Microsoft released a preview of its “Unified” Outlook app for Windows for all users of its Office Insider program, and said it will be available to those in the Windows Insider program in the near future.
This new Outlook for Windows was first unveiled in May, when it was only made available to a select group of testers in the Office Insider Beta channel. Also known as Project Monarch, it’s being developed with the goal of bringing consistency between the email client’s Windows and web codebases, Microsoft said, and could eventually replace mail and email-dedicated UWP apps. calendar familiar to Windows 10 users.
Users can try out the new features by simply dragging a toggle control labeled “Try the new Outlook” into the top-right corner of classic Outlook for Windows, according to Redmond, provided they’re registered as Office. Insider and they are running Beta Channel or Current Channel Builds (Preview). And if they don’t like what they see, they can swipe it again.
Along with “numerous” performance improvements, the updated app gives users the ability to add personal Outlook.com, Hotmail, or Windows Live email accounts, which most users would consider a basic capability. in an email client and which has long been supported by the traditional desktop Outlook application.
Other updates seem rather more trivial, like a Quick Steps feature, which shows custom “triage actions” that can be deployed repeatedly to keep the inbox clean and organized, according to Microsoft, and the ability to adjust column widths in the calendar when viewing your weekly schedule.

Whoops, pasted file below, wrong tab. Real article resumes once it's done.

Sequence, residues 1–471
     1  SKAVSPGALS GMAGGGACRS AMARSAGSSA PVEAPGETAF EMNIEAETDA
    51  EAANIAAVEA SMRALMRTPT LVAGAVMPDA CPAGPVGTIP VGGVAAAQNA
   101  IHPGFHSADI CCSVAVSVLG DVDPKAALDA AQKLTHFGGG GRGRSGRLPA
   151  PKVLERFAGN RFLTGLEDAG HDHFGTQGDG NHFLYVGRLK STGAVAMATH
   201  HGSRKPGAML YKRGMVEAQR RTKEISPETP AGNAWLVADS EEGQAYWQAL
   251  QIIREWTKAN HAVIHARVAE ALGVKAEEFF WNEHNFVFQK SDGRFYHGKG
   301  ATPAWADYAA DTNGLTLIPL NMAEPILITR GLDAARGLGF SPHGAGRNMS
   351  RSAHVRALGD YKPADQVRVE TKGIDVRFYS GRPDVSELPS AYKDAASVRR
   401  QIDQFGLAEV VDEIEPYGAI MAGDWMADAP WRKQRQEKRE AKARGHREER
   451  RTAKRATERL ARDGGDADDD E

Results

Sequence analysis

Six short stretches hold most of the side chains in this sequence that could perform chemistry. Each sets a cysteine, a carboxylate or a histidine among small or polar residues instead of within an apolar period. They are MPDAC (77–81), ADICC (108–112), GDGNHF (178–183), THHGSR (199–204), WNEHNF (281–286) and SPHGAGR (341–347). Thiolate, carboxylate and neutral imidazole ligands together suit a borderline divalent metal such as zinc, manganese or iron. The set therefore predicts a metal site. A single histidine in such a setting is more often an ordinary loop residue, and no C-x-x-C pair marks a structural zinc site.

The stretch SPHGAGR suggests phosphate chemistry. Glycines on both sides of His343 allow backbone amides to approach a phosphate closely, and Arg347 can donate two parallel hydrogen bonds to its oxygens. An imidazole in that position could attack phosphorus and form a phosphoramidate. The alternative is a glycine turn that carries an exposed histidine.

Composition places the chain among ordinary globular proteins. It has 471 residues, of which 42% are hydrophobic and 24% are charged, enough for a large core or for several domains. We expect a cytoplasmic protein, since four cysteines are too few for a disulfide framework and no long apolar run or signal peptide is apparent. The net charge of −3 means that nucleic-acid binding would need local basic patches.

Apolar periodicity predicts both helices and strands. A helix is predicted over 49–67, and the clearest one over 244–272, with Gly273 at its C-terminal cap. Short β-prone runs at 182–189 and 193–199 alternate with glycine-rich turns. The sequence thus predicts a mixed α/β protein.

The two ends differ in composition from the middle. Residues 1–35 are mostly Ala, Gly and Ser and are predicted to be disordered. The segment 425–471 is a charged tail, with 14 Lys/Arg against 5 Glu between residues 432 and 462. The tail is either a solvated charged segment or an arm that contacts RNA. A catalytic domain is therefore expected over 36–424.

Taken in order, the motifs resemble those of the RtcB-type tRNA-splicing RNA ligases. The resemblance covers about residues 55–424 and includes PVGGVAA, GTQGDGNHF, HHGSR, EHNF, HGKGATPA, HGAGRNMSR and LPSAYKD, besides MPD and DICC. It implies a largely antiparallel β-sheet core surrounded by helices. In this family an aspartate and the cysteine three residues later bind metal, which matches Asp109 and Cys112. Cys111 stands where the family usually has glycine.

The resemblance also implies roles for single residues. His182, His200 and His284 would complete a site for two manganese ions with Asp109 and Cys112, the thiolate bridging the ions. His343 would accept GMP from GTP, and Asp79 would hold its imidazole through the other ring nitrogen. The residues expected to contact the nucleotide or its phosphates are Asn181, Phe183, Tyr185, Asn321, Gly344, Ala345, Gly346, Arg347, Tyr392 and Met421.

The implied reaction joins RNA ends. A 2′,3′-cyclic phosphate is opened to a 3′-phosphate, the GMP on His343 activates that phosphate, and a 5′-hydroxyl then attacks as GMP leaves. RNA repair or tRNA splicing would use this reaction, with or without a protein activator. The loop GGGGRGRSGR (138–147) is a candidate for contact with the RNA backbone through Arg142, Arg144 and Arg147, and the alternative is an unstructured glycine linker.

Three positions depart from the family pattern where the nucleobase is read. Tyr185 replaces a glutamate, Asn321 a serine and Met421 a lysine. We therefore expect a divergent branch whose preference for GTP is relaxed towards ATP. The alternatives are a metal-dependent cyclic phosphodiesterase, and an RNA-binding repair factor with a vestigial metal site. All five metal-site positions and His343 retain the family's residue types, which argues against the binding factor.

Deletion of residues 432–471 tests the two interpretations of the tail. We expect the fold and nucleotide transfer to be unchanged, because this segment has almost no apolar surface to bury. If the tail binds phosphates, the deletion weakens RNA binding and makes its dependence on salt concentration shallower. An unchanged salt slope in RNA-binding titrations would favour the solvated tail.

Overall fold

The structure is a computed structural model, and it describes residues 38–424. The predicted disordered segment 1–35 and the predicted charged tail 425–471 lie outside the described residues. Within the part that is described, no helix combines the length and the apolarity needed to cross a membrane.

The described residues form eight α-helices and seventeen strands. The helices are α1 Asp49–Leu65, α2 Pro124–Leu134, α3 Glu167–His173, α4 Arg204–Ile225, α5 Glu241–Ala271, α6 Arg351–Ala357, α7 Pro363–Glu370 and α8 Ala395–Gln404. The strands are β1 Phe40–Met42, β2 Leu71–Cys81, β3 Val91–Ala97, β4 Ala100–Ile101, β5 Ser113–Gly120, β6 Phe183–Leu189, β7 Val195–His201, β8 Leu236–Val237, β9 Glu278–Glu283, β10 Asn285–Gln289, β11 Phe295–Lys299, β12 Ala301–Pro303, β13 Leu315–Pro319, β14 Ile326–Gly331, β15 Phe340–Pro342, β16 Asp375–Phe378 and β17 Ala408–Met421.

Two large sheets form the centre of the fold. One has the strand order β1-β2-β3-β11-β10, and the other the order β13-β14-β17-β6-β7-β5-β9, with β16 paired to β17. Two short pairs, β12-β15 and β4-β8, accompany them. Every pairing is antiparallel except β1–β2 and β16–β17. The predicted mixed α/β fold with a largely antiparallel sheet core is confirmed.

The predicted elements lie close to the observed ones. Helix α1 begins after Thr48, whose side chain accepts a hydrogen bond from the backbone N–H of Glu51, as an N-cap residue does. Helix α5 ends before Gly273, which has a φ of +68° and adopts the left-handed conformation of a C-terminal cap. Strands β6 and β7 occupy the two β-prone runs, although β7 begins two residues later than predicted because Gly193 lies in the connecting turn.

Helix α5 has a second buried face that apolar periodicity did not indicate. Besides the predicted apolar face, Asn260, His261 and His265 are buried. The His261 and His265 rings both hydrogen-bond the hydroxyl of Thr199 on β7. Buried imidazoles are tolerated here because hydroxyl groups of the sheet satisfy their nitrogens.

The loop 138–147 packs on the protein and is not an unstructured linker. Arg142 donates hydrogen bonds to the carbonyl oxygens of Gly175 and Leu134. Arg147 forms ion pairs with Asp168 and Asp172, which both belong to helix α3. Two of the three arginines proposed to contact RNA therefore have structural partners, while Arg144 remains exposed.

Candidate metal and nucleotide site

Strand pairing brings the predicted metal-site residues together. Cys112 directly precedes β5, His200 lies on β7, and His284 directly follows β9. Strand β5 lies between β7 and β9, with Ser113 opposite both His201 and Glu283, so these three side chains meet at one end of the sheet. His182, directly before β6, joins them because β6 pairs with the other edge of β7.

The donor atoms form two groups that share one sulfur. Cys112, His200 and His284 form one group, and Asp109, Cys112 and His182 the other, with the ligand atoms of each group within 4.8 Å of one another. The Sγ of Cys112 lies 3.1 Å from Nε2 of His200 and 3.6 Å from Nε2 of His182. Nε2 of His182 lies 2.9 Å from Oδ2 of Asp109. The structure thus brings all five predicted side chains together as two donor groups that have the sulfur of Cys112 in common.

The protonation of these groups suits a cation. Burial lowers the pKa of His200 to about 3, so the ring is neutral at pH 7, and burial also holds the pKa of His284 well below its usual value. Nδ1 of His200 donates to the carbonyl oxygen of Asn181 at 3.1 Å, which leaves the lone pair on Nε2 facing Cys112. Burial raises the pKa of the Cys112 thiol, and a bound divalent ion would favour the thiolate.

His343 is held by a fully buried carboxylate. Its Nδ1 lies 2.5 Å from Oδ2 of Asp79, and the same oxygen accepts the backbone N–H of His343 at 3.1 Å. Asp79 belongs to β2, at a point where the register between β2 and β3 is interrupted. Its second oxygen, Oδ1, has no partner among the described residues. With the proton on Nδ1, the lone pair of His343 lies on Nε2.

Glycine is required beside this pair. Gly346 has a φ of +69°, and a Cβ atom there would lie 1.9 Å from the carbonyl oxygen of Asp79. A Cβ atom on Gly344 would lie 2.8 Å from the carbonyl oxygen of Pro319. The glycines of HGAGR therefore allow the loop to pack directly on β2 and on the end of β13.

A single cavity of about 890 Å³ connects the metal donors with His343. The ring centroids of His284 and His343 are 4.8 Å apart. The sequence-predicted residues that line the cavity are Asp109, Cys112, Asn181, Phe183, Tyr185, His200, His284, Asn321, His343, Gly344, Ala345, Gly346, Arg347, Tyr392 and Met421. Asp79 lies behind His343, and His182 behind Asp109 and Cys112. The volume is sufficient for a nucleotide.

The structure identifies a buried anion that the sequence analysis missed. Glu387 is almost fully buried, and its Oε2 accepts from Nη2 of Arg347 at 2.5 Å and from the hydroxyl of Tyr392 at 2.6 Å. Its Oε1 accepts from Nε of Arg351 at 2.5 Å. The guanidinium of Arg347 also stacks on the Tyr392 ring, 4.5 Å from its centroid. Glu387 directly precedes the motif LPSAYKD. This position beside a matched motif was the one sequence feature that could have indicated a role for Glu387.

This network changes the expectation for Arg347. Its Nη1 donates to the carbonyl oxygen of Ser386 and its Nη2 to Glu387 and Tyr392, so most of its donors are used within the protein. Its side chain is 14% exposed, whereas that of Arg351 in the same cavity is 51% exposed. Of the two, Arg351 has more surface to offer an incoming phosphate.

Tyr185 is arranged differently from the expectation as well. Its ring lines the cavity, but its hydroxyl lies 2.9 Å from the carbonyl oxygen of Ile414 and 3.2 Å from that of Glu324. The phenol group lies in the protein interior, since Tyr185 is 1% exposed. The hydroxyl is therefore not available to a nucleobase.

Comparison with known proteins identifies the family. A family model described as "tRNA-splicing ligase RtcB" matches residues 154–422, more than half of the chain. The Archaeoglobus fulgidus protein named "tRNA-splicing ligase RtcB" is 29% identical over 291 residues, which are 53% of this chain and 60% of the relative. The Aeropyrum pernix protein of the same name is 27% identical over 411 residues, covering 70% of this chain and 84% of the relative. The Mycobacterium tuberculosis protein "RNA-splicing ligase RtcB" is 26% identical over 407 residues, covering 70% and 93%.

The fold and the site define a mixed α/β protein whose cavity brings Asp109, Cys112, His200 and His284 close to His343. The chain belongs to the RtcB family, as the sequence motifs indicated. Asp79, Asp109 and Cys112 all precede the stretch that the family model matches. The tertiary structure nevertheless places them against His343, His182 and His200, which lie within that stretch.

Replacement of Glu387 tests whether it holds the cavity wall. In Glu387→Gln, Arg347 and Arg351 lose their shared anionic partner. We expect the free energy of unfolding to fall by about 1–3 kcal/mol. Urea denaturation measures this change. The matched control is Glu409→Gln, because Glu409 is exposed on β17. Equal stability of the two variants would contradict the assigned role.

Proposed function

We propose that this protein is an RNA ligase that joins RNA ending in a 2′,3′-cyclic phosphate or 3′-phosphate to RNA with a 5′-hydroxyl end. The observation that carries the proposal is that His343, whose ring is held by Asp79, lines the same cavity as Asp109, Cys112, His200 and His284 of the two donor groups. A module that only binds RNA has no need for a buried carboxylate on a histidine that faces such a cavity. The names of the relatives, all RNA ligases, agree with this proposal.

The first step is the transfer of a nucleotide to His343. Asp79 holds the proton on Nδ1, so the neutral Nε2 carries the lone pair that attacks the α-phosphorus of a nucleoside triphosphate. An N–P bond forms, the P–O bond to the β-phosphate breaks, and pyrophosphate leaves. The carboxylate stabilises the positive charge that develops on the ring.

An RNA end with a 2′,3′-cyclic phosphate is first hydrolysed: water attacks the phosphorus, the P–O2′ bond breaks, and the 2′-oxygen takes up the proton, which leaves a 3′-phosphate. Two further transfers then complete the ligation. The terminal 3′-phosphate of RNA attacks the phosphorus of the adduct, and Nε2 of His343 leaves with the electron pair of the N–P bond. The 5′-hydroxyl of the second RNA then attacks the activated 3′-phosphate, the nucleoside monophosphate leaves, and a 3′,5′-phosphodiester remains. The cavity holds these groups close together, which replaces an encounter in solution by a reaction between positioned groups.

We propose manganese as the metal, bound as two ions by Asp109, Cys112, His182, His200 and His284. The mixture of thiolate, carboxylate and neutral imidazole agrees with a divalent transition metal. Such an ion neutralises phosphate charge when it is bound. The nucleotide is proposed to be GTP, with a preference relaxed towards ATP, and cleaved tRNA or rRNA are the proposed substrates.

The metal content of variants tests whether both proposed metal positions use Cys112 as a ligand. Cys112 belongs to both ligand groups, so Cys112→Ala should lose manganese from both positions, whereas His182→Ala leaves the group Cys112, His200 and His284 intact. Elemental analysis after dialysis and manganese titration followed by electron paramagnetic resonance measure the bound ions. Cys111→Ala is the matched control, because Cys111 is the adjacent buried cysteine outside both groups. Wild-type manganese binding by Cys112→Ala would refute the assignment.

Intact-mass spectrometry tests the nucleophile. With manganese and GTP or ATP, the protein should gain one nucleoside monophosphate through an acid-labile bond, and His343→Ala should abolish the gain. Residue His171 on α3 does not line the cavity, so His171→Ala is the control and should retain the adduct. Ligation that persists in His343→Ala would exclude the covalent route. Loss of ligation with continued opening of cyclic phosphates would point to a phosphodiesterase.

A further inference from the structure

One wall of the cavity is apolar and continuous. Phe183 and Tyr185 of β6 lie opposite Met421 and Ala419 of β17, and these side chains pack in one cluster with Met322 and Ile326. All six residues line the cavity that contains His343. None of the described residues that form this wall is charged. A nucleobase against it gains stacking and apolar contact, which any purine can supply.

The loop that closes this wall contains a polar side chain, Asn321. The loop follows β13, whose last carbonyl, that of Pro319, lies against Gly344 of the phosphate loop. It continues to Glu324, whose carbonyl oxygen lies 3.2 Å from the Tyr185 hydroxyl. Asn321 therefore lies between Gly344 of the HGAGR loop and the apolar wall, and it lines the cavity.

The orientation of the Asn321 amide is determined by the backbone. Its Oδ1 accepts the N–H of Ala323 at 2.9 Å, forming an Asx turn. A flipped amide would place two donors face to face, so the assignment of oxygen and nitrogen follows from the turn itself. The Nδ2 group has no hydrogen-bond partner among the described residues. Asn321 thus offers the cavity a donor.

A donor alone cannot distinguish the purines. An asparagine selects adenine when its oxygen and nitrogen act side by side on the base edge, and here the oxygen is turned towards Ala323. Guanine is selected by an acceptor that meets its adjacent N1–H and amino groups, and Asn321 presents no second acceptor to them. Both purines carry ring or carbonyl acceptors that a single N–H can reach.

Tips informing users of new features as they are rolled out are also added, and Microsoft says Outlook for Windows has received a simplified ribbon user interface designed to provide a sleeker look and easier navigation.
Features already present in Outlook for Windows since the May release include support for Microsoft Loop components, which allow teams to “edit and share their ideas while staying in their workflow”, mailboxes and shared folders for easy collaboration, a table view Outlook calendar and the ability to pin important emails.
Meanwhile, Redmond has unveiled a bunch of features that haven’t been included yet, but plans to release for Insiders in the coming months.
These include: the ability to support multiple email accounts in the same app, including both work and personal; support for third-party email accounts such as Gmail; offline capability; research records; and support for web add-ins.
Going back to today, users must be an Office Insider running Beta Channel or Current Channel (Preview) Version 2209 (Build 15629.20058) or later of Outlook for Windows to get the new features. It is also required that your system is running Windows 10 Version 1809 (Build 17763) or later, with a Microsoft account. ®